But who knew Russell Westbrook's brother, Ray, would be one of those critics following Game 3's 98-95 loss in Memphis.
OKC's point guard had 30 points in Game 3, but he was an inefficient 9-of-26 from the field, 4-of-13 from three and 8-of-12 from the line. Kevin Durant wasn't much better, with 30 points of his own on 10-of-27 from the floor, 0-of-8 from downtown and 10-of-13 from the charity stripe.
To be fair, Westbrook's brother isn't the only one who's frustrated with head coach Scott Brooks. The Thunder failed to control the pace in Game 3, and the half-court offense seemed fresh out of ideas.
Some have even suggested that Brooks is coaching for his job.
While discussing Steve Kerr's coaching options on The Herd with Colin Cowherd, ESPN analyst Bill Simmons suggested that Kerr should wait for more coaching opportunities to pop up. He said that OKC's post might be one of them (via NewsOK's Erik Horne):
If you and I were Steve Kerr, we would wait until this Round 1 ended. If the Rockets lose Round 1, (Kevin) McHale’s not coming back. Golden State loses Round 1 to the Clippers, I don’t think Mark Jackson is coming back. If Oklahoma City doesn’t make it out of Round 1 against Memphis for some reason, I don’t think Scott Brooks comes back.
Could Brooks really be on the outs after all of the success he's experienced in Oklahoma City?
In this league, anything can happen—especially to coaches. The most important variable may be keeping superstars happy, in this case Westbrook and Durant. There's no telling to what extent Westbrook's sentiment is actually reflected by his brother's tweet. For all we know, they could be on very different pages.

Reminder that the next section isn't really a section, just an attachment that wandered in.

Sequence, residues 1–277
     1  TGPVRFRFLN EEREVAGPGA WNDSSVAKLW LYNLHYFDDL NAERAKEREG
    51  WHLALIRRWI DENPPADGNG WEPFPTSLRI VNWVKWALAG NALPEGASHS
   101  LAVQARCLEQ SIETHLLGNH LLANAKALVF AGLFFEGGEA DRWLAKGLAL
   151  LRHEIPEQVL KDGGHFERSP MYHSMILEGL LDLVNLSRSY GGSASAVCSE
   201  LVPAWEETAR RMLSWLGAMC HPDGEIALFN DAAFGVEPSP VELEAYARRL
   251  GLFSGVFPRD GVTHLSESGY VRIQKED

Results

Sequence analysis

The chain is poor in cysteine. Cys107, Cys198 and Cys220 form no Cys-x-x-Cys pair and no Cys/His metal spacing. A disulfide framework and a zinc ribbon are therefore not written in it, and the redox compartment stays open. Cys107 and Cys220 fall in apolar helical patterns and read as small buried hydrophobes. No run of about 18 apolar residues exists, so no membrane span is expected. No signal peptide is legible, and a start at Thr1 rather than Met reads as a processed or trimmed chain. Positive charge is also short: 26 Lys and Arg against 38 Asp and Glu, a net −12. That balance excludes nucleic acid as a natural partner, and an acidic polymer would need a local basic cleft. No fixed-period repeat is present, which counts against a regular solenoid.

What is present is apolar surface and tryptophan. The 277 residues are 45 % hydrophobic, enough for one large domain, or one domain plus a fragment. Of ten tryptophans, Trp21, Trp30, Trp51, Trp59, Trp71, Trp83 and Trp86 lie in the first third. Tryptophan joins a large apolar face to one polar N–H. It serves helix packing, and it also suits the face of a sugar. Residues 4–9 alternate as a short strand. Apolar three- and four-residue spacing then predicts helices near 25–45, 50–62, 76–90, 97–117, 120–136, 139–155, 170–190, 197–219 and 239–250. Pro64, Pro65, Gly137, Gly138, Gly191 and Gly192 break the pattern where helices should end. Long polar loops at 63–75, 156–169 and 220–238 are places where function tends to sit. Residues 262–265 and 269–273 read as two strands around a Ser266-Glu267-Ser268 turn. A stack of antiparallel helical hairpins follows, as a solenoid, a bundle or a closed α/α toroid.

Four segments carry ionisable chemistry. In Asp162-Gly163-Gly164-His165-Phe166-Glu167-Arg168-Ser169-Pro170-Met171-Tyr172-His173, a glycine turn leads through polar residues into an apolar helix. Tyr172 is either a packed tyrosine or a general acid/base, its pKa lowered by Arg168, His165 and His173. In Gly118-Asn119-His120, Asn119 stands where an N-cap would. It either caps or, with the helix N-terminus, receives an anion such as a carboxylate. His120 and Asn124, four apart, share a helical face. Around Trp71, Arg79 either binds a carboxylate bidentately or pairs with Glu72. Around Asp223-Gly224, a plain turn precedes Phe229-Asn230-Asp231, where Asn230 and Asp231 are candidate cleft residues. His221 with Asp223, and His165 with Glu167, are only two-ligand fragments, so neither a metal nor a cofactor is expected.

But we also don't know much about what's going on inside Oklahoma City's locker room. If there's disaffection, it certainly hasn't been widely publicized.
Brooks has two years remaining on a deal he signed with the Thunder in 2012. OKC would owe him about $8 million if it severed ties after this season.
The Thunder would also have to find a coach with the pedigree to lead a team back to the NBA Finals. That may or may not mean someone like Kerr, who has no previous coaching experience but was a successful general manager for the Phoenix Suns.
What's more, Russell Westbrook was quick to distance himself from his siblings comments:
This much is certain: Brooks is facing the same reality that all coaches in the NBA face. Winning is the bottom line, and coming up short in the postseason can be a huge red flag.
Fortunately for Brooks, Westbrook's brother won't be making this particular decision.